THE NET OF DREAMS

A FAMILY'S SEARCH FOR A RIGHTFUL PLACE

Bonfire of the Vanities film chronicler Salamon (The Devil's Candy, 1991) leaves Hollywood for sadder and more personal venues as she searches, none too successfully, to understand her family's history. Actually, Hollywood does put in a brief, distracting appearance in the person of Salamon's pal Steven Spielberg, whose filming of Schindler's List neatly coincides with Salamon's own excavation of her parents' Holocaust experiences on a trip to Eastern Europe. Her quest seems to be threefold: to understand her mother, Szimi, an optimistic, happy-go-lucky soul; her father, Sanyi, the ideal physician and ``saint'' of Adams County, Ohio; and the reason why these two Czech Jews, survivors of Auschwitz and Dachau, would settle in such a poor, remote town at the foot of the Appalachians. But while Salamon (formerly of the Wall Street Journal) can gather all the information, her unusual parents elude her powers of penetration; each is reduced to a single, most salient quality. Szimi's breezy detachment may have helped her survive the wartime trauma of deportation, deprivation, and resettlement, first in Prague, where she met Sanyi, and then in America. But at its extreme, when she revisits Auschwitz, this every-cloud-has-a-silver-lining attitude is downright bizarre (``You know, if I hadn't gone through this place I probably wouldn't have led such an interesting life''). Sanyi (who died of cancer when Salamon was 18) remains a remote figure; admitting herself that she barely knew her father, she paints Sanyi primarily as a dedicated doctor whose long silences and deep rages were due to the loss of his first wife and daughter at the hand of the Nazis. In the end, this narrative is at once too private and too impersonal—the reader floats on the surface of events and characters, unable to to enter into the Salamons' search for a safe place to raise their family. (photos, not seen) (Author tour)

Pub Date: March 1, 1996

ISBN: 0-679-43121-7

Page Count: 320

Publisher: Random House

Review Posted Online: May 20, 2010

Kirkus Reviews Issue: Jan. 1, 1996

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The author's youthfulness helps to assure the inevitable comparison with the Anne Frank diary although over and above the...

NIGHT

Elie Wiesel spent his early years in a small Transylvanian town as one of four children. 

He was the only one of the family to survive what Francois Maurois, in his introduction, calls the "human holocaust" of the persecution of the Jews, which began with the restrictions, the singularization of the yellow star, the enclosure within the ghetto, and went on to the mass deportations to the ovens of Auschwitz and Buchenwald. There are unforgettable and horrifying scenes here in this spare and sombre memoir of this experience of the hanging of a child, of his first farewell with his father who leaves him an inheritance of a knife and a spoon, and of his last goodbye at Buchenwald his father's corpse is already cold let alone the long months of survival under unconscionable conditions.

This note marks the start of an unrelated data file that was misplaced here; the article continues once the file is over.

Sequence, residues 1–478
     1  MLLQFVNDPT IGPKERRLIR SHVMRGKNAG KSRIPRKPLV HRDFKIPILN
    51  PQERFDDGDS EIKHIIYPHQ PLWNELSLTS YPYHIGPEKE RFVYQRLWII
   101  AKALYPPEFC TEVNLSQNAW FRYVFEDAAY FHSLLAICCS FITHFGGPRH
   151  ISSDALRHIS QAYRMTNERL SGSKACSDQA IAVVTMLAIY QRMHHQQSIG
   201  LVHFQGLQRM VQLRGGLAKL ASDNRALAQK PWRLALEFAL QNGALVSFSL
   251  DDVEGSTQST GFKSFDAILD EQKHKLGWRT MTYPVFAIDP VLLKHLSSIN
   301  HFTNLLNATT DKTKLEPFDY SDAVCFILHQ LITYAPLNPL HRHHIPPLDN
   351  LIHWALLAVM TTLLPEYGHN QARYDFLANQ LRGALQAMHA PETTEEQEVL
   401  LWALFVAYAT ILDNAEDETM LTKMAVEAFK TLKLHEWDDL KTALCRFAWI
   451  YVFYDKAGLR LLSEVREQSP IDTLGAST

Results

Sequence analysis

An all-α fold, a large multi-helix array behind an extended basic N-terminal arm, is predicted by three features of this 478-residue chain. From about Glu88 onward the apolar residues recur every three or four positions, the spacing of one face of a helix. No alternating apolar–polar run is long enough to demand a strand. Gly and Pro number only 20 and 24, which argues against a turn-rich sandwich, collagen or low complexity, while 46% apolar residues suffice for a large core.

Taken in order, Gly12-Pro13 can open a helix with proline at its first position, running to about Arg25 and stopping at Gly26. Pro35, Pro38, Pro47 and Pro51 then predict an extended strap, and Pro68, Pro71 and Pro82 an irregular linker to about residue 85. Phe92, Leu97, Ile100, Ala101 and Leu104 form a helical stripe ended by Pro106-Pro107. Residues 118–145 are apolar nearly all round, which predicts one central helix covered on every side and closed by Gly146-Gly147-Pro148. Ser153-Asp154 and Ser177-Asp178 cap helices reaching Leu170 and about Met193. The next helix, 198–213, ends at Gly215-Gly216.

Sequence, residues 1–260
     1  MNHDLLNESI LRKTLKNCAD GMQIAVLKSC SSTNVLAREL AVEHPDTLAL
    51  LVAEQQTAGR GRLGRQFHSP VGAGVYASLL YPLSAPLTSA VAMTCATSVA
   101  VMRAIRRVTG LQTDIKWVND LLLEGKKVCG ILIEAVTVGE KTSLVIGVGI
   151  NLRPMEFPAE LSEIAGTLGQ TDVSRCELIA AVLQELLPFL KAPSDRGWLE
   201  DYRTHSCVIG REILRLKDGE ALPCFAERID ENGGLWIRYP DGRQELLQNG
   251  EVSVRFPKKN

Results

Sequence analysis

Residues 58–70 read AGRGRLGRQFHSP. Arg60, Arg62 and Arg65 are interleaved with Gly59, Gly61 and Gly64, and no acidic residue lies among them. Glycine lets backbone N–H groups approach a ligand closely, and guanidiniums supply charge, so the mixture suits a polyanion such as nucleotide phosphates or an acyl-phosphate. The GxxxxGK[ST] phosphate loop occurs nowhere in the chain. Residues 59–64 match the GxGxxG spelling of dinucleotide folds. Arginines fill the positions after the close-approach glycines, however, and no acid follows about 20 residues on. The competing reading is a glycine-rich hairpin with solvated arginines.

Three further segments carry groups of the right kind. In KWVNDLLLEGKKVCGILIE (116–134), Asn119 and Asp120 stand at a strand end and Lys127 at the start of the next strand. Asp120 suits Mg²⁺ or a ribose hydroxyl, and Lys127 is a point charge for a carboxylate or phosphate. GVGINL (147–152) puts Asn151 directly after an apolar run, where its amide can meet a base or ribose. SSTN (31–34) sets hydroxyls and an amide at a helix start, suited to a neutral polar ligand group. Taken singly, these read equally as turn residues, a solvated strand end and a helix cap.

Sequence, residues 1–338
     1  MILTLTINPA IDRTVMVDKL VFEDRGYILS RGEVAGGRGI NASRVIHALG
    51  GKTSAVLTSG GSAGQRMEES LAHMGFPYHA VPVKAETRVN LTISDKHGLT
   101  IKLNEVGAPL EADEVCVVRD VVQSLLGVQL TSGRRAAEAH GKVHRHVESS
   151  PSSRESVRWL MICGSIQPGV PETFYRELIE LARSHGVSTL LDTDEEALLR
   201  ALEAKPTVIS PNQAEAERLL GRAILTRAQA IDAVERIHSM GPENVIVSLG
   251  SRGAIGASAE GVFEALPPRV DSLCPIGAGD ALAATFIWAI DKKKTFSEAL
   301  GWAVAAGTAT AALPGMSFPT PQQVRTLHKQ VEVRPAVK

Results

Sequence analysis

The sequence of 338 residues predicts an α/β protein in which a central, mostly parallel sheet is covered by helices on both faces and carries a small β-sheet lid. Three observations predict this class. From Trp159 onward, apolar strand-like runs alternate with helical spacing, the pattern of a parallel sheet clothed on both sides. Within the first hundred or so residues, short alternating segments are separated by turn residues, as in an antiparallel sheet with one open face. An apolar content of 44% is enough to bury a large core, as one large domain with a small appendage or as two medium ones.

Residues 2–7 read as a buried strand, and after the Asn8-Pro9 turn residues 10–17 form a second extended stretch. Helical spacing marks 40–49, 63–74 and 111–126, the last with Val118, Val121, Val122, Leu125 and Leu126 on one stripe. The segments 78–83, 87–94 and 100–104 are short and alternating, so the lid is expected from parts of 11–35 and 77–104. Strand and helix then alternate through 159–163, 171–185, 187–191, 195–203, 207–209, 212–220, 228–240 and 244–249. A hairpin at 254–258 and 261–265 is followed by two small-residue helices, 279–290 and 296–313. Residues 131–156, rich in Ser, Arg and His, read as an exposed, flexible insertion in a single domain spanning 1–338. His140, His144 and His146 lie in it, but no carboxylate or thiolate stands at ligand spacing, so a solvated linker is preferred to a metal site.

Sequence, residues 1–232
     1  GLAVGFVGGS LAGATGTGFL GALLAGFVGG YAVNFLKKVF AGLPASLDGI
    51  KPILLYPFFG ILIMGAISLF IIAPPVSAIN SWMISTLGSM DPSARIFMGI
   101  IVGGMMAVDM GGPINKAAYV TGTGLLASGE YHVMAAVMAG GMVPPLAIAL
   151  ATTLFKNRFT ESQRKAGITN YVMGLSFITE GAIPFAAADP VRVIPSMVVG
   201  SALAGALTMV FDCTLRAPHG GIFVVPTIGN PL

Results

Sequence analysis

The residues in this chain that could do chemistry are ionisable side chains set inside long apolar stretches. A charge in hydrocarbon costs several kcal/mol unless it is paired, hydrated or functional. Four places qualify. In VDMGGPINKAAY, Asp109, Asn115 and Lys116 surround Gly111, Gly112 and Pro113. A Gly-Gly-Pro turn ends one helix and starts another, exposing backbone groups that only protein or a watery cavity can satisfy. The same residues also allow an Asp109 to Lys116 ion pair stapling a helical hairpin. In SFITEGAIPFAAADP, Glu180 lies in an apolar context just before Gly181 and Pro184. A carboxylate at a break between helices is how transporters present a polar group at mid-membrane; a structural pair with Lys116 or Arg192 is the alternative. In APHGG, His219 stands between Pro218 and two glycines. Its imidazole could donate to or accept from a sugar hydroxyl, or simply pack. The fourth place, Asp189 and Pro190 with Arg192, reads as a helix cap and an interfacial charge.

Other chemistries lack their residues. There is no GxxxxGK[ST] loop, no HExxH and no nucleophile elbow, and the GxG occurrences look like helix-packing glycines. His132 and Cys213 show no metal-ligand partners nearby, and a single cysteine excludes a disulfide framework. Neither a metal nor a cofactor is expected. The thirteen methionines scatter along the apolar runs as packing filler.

The author's youthfulness helps to assure the inevitable comparison with the Anne Frank diary although over and above the sphere of suffering shared, and in this case extended to the death march itself, there is no spiritual or emotional legacy here to offset any reader reluctance.

Pub Date: Jan. 16, 2006

ISBN: 0374500010

Page Count: 120

Publisher: Hill & Wang

Review Posted Online: Oct. 7, 2011

Kirkus Reviews Issue: Jan. 15, 2006

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A PEOPLE'S HISTORY OF THE UNITED STATES

For Howard Zinn, long-time civil rights and anti-war activist, history and ideology have a lot in common. Since he thinks that everything is in someone's interest, the historian—Zinn posits—has to figure out whose interests he or she is defining/defending/reconstructing (hence one of his previous books, The Politics of History). Zinn has no doubts about where he stands in this "people's history": "it is a history disrespectful of governments and respectful of people's movements of resistance." So what we get here, instead of the usual survey of wars, presidents, and institutions, is a survey of the usual rebellions, strikes, and protest movements. Zinn starts out by depicting the arrival of Columbus in North America from the standpoint of the Indians (which amounts to their standpoint as constructed from the observations of the Europeans); and, after easily establishing the cultural disharmony that ensued, he goes on to the importation of slaves into the colonies. Add the laborers and indentured servants that followed, plus women and later immigrants, and you have Zinn's amorphous constituency. To hear Zinn tell it, all anyone did in America at any time was to oppress or be oppressed; and so he obscures as much as his hated mainstream historical foes do—only in Zinn's case there is that absurd presumption that virtually everything that came to pass was the work of ruling-class planning: this amounts to one great indictment for conspiracy. Despite surface similarities, this is not a social history, since we get no sense of the fabric of life. Instead of negating the one-sided histories he detests, Zinn has merely reversed the image; the distortion remains.

Pub Date: Jan. 1, 1979

ISBN: 0061965588

Page Count: 772

Publisher: Harper & Row

Review Posted Online: May 26, 2012

Kirkus Reviews Issue: Jan. 1, 1979

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